The Road To The U.S. Open Begins Here
The journey to a spot in the U.S. Open field often begins with local qualifying at spots around the country. A look at the wide array of personalities who try to earn a chance to compete among the best players in the world.
Released on 6/7/2016
(jubilant piano music)
Qualifying for the US Open really began
with the most famous of all the US Open victories,
certainly by an American, which was Francis Ouimet winning
in 1913, when he was a 20-year-old amateur,
who lived across the street from the Brookline Country Club.
It's like the ultimate Cinderella story.
That tradition of Ouimet has continued on.
At this local qualifying level, almost 10,000 golfers try
in that first round of local qualifying.
When you go to a local qualifier, you see all variety
of golfers, the whole spectrum.
I'm Jack Druga, the head professional
at Shinnecock Hills Golf Club in Southampton, New York.
Playing in what, I think,
might be my 30th local US Open qualifier.
My name is Mario Guerra.
My name is Nathan Han. I'm 15 years old.
I'm David Young from Scarborough, New York.
Will Bernstein. I'm from New York, New York,
and I'm 20 years old.
My name is Troy James, 44, Bronx, New York.
Originally from Saint Kitts, Eastern Caribbean Island.
The atmosphere at these local qualifiers
is actually sort of uplifting.
There's really a certain joy that the way these players
approach the challenge. I mean, it's very stressful
in many ways to play competitive golf. At the same time,
there's really nothing to lose.
I mean, there's only a few who make it through.
It almost doesn't matter what you shoot
if you happen to miss. You could shoot 72 or shoot 91,
and if you miss, you'd be in the same place.
This will be my fifth US Open local qualifying attempt,
and I've never been able to get through,
but last time it was here at Willow Ridge,
I missed by one shot.
So, there's definitely a romance with the idea.
I enter the US Open just because
I believe in my heart that I've got a chance,
and I'm three rounds away from potentially playing
with some of my idols.
I've probably played about 30 of these local qualifiers,
and I've made it through, this is probably
about my seventh or eight time.
I've never made it through the sectional to the Open.
So, we're still trying.
I think I had about a six-year streak
where I was either first alternate or missed by one.
So, there's about six straight years
where if you beat me, you were in.
Everybody who goes to a local qualifier feels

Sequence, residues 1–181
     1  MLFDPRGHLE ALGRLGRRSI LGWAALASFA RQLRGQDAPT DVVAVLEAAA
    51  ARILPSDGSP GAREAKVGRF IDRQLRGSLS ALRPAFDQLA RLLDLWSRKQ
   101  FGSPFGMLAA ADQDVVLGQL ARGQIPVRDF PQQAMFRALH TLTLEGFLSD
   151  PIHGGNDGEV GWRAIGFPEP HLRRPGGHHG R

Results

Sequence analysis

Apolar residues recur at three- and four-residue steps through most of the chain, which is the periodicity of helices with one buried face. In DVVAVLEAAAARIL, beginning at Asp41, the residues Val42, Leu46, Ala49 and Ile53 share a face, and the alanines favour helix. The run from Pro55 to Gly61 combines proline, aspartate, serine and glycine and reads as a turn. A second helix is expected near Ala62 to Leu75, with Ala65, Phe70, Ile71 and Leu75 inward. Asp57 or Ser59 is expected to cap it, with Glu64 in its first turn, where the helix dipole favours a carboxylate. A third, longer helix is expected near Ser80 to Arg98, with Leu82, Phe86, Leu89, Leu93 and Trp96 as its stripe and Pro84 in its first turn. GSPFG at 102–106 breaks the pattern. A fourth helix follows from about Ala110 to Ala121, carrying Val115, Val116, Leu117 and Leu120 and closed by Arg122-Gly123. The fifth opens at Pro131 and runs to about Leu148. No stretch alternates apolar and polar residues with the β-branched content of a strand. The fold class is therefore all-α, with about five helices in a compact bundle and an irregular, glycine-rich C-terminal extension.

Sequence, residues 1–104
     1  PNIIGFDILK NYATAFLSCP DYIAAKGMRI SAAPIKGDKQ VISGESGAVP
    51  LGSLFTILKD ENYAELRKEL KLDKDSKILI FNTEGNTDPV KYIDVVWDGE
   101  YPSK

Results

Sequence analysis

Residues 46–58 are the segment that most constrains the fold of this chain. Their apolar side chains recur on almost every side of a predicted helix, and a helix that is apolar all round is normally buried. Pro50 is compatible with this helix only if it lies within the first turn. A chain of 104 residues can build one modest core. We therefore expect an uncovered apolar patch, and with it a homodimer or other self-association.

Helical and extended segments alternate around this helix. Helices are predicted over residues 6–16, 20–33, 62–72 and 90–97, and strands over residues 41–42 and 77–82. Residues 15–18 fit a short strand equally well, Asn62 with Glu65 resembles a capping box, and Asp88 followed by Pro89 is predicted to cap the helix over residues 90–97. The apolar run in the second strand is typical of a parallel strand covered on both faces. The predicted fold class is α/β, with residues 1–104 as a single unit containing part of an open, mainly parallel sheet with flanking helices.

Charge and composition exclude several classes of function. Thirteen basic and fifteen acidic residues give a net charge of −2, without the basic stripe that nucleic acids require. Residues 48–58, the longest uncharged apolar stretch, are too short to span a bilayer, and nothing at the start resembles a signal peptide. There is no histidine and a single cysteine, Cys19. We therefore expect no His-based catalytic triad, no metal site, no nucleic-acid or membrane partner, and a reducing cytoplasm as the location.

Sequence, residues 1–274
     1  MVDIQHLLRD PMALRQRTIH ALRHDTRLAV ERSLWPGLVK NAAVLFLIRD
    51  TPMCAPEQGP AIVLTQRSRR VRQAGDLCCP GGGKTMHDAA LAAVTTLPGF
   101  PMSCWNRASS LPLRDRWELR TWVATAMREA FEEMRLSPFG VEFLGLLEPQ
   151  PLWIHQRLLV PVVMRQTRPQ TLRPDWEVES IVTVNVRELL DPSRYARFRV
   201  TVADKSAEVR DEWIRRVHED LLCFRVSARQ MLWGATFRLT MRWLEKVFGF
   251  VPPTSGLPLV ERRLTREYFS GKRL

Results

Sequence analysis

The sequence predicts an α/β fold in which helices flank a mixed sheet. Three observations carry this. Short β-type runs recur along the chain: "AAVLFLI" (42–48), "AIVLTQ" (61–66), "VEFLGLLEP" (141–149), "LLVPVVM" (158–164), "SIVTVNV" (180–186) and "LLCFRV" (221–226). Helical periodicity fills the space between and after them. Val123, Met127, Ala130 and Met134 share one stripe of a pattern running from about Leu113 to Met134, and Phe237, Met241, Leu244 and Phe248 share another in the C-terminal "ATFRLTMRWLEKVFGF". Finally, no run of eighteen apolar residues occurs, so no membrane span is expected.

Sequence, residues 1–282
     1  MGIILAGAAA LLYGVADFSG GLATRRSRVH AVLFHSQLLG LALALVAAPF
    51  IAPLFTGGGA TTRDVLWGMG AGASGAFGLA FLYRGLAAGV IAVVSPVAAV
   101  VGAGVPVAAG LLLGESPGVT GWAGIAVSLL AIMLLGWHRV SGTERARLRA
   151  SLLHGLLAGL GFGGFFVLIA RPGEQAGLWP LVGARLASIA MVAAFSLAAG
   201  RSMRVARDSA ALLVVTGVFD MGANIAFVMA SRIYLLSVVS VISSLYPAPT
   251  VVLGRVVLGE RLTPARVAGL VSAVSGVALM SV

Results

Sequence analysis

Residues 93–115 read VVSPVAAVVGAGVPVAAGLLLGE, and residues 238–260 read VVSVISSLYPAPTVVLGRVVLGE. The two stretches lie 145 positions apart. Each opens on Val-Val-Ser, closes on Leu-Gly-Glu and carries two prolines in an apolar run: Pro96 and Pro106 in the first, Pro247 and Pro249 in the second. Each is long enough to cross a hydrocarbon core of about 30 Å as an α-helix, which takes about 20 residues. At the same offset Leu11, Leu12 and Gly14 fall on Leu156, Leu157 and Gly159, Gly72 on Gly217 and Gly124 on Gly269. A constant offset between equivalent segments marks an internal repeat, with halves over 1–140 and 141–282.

it's an opportunity, and there's a certain joy
in the competition, but don't get me wrong,
there's a lot of stress, and that's really what
competitive golf is all about. You know, dealing
with that inner conflict, that inner battle.
It's stressful, and you'll see hands shaking,
and you'll see things where people look
like they're not really happy,
but deep down, as golfers, they know they're getting better,
and so, in a profound way, it's actually a joyful moment.
In the US Open, you cannot be judgmental
on the golf course, because you never know
who gonna show up that day. You can't really
be judgmental about golf.
If my game is on,
I don't care who it is,
I can compete.
You may wonder, Do any of these players have
a chance to actually win the US Open?
Well, it's actually been done in history twice.
Ken Venturi in 1964.
Orville Moody in 1969 went
through local sectional qualifying and won the tournament.
How good are these golfers?
Well, they're among the one percent best golfers
in the World based on their having
at least a 1.4 handicap, but compared to a tour player,
they're quite different.
Professional tour players are at five times the level
that we are, but again, in the US Open,
in a one day shoot-out or a 36 hole shoot-out,
guys have a chance against them.
Probably my biggest goal is to play in the Major,
especially around my teen years, to try to see
just how awesome those touring pros are really,
and just to play with them and have that experience.
I'm not even on a same league as Jason Day
or any of those guys. So, it wouldn't even be about,
you know, competing to win the tournament.
Just being an amateur and enjoying the experience
is what I would probably cherish most.
It takes guts. You have to scare yourself a little
to try to qualify for the US Open,
and they had an experience that day
that they'll remember their whole lives,
and might be even the highlight of their whole golf career.